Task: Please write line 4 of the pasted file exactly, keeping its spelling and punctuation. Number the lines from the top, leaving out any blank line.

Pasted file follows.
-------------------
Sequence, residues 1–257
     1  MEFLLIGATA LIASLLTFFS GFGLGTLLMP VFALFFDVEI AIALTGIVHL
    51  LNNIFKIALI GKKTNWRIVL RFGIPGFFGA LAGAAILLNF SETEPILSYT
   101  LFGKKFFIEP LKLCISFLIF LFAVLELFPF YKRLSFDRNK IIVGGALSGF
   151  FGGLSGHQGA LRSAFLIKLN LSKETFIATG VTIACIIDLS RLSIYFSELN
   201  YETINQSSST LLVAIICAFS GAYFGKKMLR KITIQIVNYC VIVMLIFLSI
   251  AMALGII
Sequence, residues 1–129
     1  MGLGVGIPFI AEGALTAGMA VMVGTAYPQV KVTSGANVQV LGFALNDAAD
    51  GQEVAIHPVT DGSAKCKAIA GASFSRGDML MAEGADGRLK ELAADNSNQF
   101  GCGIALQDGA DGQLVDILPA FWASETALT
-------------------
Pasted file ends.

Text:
   101  LFGKKFFIEP LKLCISFLIF LFAVLELFPF YKRLSFDRNK IIVGGALSGF